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Fear & Loathing in Special Education

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Babe, (sniffle) I Got You, Babe

Posted 08-26-2012 at 02:40 AM by Speced9

It's 4 a.m. and I can't sleep. Usually insomnia rears its ugly head when a new school year approaches, which is kind of the gist of this round of sleeplessness, but it's the late 40s school children who are on my mind this time.

Tonight was my high school reunion. Thirty-one years to be exact. Actually, I don't really feel that old. I guess my failure to mature in early adulthood is reaping its benefits now in middle age. My body may be forty-eight, but my mind is an early thirty-something.

Remember in the late 80s when David Letterman had Sonny and Cher as guests on his show? Everyone wanted to see that reunion happen. As I recall, Letterman pushed it quite a bit further by insisting that they perform just one song together. If you've seen this clip, you might remember that Cher wasn't real keen on the idea, and was kind of peer pressured into it. So, they start singing that famous song, but it's not without its tears. I think I recall Cher stating after the fact something to the effect of, "it started out okay, but then it just took a sad turn." Well, that's how our reunion felt to me tonight.

I seriously enjoyed myself for the first couple of hours. There were so many people I hadn't seen in years and it was great to see them. Of course, there are your share of people you don't want to see, but, like any mature adult should do, you say, "hi", make a little small talk and graciously walk away. It wasn't those people though that provoked that "sad turn". It was the people that I was closest to during those years in public school and shortly after.

As the free beer began to open up the floodgates of emotion, the talk turned from high school memories to things that were uncomfortable to hear. One friend thought it was time to talk about his sexual exploits with an upperclassman's girlfriend. Another, long retired from the military, went on a rant about how the military screwed up his mind, and honestly, I'm not so sure it wasn't screwed up before that. Many talked of their ailments with failing health already evident in their faces, and of course, there was the talk of those no longer with us, and how they had passed. Some from car accidents, others from cancer, and a few from drug overdoses. One classmate I have known since kindergarten, talked about the creepy guy who lived near our elementary school and her experiences of being flashed on many occasions as she walked to school. There was an ex-girlfriend, who subsequently became a good friend after the fact, who told me that her marriage of 25+ years was on the rocks and she didn't have the courage to tell her children, parents and friends. I was the first to hear she told me because she just had to get it off her chest. While I was flattered that she felt enough confidence in me to keep her secret, I wish it hadn't come as the result of Hour Three of Free Beer. Still, it broke my heart to see my friend in such pain.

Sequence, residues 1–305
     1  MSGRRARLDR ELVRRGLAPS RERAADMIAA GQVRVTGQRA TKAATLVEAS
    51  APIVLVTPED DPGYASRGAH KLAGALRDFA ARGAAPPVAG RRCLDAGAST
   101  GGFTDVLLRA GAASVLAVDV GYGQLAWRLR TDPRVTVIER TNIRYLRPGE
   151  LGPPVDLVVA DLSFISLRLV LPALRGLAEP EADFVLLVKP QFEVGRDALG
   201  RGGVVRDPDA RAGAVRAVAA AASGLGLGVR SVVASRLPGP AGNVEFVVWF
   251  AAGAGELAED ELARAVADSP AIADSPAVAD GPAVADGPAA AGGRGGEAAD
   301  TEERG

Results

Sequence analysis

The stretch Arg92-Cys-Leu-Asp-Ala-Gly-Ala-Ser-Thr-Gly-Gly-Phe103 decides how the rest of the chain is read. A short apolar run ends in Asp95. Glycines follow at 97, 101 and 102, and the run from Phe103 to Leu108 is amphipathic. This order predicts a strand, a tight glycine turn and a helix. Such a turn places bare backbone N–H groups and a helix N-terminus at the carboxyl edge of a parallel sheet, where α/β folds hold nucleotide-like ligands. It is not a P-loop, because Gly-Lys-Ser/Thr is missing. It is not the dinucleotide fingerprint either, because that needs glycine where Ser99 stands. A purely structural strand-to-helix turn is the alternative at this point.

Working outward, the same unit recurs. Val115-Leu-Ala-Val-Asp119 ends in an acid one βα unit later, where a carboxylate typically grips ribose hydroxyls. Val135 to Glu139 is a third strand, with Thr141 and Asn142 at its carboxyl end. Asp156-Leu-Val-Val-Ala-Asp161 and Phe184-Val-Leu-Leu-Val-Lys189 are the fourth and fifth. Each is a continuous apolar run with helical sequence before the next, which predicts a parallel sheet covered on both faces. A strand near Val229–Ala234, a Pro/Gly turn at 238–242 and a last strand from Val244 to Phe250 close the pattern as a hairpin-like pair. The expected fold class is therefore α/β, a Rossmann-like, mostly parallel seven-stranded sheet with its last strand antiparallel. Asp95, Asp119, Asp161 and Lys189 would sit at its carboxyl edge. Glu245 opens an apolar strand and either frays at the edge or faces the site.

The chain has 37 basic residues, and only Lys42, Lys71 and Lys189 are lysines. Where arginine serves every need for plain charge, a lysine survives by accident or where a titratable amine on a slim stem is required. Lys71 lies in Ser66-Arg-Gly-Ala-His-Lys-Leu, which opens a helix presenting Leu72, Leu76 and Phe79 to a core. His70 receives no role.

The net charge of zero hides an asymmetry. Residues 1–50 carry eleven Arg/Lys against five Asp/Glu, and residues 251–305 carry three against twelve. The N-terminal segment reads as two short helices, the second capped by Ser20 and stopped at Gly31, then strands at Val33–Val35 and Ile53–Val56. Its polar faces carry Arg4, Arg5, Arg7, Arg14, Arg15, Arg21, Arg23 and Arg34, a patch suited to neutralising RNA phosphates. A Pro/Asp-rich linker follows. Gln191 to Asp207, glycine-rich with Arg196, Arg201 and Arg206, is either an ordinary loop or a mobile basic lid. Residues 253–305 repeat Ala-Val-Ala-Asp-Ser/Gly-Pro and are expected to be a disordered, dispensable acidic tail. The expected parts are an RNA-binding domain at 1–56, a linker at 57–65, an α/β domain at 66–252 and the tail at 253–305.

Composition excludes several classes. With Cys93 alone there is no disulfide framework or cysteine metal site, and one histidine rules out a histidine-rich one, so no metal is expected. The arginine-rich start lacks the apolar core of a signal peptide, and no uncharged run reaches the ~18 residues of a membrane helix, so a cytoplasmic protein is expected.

The stories weren't the worst part of it for me though. The worst part was having the reality of life filter into my memories of those people I was used to thinking so happily about. Don't get me wrong, I've had my share of life's ugliness and God willing, I will continue to be able to get through each new chapter as it come about. Something about seeing friends in pain hurts me more than my own pain. I can't quite put a finger on it, but I'm sure it has something to do with control. I have the power to change my own life, but there seems to be little I can do to change theirs other than listen with genuine interest and concern, then walk back to my own life for another ten years.

I actually left the reunion much earlier than I had planned. Honestly, it was more of an escape. I didn't say all of the goodbyes I wanted to say. I just quietly walked out the front door, got in my car and drove home. Hopefully no one noticed my hasty retreat, but if they did, I'll have to come with some excuse better than the truth. The truth is after all, that after seeing some of my classmates in prolonged adolescence, bitterness and pain, my only thought was to get home to the safety of my family. In a few short hours, I'll be telling them how much I love and appreciate them as we sit around the breakfast table. They'll just look at me and wonder if I've done something to regret in my absence, but only I will know better. I love them more because I understand just how lucky I am. With that thought, I think I'm ready to go back to bed.
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